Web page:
In 1972, McTell struck a deal with Warner Bros./Reprise Records, and his first album for the label, the low-key Not Till Tomorrow, arrived that same year. It was brought out in the United States but didn't chart, and it would be more than 25 years before an American label took a chance on him. In 1974, McTell delivered his second album for Warner/Reprise, Easy, but it was a non-LP single that appeared later that year that would bring him his greatest success. A re-recorded version of "Streets of London" rose to number two on the British singles charts, and it would go on to be recorded by over 200 artists, among them Cliff Richard, Mary Hopkin, Cleo Laine, Sinead O'Connor, and the Anti-Nowhere League. The tune belatedly made it onto an album when McTell issued Streets in 1975.

The pressures of international success temporarily became too much for the shy, reserved McTell, and in the spring of 1975, he announced his intention to quit touring and withdraw from the music business. He decamped to the United States, where he relaxed and wrote songs in relative anonymity for a year before going back to the U.K. to play a Christmas benefit concert in Belfast. He continued recording for Warner Bros. in the '70s, releasing Right Side Up in 1976, the live album Ralph, Albert and Sydney in 1977, and Slide Away the Screen in 1979. For most of the '80s, he spent his time touring and working on a children's television show called Alphabet Zoo. The show was successful enough that the TV network created a show especially for McTell, Tickle on the Tum, and both programs introduced McTell to new generations of fans. 1981 found him touring with a short-lived group called the GP's, which featured British folk icon Richard Thompson and Fairport Convention members Dave Pegg and Dave Mattacks; a belated live album from their sole tour appeared in 1981, Saturday Rolling Around. Outside of his television work, McTell scaled back his songwriting efforts, and cut two albums devoted to covers, 1988's Blue Skies Black Heroes and 1990's Stealin' Back. In 1992, he recorded an ambitious project about the life and times of poet Dylan Thomas, The Boy with a Note, released on Leola Music.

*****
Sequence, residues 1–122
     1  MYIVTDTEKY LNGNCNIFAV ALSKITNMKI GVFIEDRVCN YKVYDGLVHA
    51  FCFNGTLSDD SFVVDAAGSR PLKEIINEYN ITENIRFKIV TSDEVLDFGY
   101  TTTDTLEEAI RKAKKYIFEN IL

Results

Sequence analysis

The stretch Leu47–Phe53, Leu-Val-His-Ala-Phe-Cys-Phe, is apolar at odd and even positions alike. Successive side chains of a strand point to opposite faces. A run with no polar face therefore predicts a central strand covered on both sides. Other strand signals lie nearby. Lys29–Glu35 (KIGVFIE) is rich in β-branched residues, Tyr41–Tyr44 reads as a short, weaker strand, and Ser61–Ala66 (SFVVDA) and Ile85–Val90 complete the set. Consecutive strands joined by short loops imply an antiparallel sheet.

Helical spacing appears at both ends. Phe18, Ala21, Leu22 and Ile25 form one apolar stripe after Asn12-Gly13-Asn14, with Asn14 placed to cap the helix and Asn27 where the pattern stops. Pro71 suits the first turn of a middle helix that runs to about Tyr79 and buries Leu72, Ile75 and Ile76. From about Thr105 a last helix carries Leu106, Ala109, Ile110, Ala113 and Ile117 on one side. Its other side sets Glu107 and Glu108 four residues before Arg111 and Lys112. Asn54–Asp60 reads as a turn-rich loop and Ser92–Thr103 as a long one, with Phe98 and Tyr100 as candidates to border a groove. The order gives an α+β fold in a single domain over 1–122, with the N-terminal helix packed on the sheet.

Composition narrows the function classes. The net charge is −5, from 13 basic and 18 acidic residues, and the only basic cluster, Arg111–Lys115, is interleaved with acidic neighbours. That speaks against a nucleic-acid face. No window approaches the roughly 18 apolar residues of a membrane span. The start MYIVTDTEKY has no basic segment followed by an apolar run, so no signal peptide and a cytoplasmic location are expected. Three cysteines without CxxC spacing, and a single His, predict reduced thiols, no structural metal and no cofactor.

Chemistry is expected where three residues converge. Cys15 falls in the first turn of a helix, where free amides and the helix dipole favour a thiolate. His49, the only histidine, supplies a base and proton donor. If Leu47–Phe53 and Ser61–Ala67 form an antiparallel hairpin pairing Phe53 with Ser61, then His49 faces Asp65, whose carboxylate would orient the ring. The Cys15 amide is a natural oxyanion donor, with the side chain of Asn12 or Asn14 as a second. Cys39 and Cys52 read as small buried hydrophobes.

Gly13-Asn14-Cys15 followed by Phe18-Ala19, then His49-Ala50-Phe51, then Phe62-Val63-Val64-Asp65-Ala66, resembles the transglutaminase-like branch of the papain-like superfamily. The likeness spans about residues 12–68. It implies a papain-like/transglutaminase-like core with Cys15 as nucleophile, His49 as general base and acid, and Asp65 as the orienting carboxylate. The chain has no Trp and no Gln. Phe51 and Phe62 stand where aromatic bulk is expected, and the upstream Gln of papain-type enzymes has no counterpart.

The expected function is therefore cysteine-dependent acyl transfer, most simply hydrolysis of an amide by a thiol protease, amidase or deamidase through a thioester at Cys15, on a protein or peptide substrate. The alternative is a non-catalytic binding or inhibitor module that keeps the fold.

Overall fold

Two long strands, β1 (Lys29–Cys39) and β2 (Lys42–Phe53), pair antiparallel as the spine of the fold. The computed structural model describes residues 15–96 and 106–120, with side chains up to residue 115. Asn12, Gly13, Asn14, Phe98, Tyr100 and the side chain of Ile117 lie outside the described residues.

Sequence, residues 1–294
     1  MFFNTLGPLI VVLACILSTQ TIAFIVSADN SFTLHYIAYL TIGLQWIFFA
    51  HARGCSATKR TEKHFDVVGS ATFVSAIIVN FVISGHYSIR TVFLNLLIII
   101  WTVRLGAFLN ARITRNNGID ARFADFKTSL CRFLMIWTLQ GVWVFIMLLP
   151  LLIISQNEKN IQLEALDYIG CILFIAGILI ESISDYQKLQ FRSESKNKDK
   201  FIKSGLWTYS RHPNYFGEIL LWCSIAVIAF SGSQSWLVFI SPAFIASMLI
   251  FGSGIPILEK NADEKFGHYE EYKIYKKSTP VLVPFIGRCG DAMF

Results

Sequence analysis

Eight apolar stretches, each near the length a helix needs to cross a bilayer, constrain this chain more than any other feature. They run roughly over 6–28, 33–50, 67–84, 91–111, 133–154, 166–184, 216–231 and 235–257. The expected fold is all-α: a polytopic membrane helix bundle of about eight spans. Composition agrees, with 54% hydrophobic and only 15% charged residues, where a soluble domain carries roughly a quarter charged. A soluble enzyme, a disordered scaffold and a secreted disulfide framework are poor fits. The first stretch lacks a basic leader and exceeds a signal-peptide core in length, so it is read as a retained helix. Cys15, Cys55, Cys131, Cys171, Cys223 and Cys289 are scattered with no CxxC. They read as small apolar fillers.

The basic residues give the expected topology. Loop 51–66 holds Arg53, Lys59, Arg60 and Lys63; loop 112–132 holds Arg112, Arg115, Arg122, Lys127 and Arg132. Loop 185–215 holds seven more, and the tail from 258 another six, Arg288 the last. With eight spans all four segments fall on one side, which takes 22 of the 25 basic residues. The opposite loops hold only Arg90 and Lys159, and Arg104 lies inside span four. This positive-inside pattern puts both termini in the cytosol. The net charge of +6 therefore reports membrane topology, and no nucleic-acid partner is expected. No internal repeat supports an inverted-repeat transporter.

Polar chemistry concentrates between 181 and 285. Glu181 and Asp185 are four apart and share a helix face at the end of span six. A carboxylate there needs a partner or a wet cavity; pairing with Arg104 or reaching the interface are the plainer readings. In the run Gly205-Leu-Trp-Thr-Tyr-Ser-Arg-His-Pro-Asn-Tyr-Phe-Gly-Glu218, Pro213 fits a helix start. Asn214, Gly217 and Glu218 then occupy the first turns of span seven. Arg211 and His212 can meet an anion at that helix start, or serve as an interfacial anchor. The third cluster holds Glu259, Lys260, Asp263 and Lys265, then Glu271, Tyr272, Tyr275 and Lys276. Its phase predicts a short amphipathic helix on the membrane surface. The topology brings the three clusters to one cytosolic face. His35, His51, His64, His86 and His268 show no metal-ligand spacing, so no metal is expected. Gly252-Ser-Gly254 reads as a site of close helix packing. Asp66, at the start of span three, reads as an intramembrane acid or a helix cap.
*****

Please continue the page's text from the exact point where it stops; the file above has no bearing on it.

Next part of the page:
In 1995 and 1996, McTell returned to the U.S. and performed a series of sold-out shows on the East Coast. His visit was prompted by the American release of his album Sand in Your Shoes in 1995 by the independent folk imprint Kickin' Mule Records, while his visibility in the U.S. was also boosted by Nanci Griffith's cover of "From Clare to Here," on her Grammy-winning Other Voices, Other Rooms album in 1993. 1999 brought a career-spanning live album, Travelling Man, for Leola Music, and the label would issue a steady stream of albums from McTell over the next two decades. He released seven albums between 2000 and 2019, including two collaborations with Wizz Jones (2016's About Time and 2017's About Time Too), covers of classic blues and folk tunes (2002's National Treasure and 2007's Gates of Eden), a set of instrumentals (2012's Sofa Noodling), and occasional collections of new songs (2019's Hill of Beans, produced by Tony Visconti). ~ Mark Deming & Richard Skelly, Rovi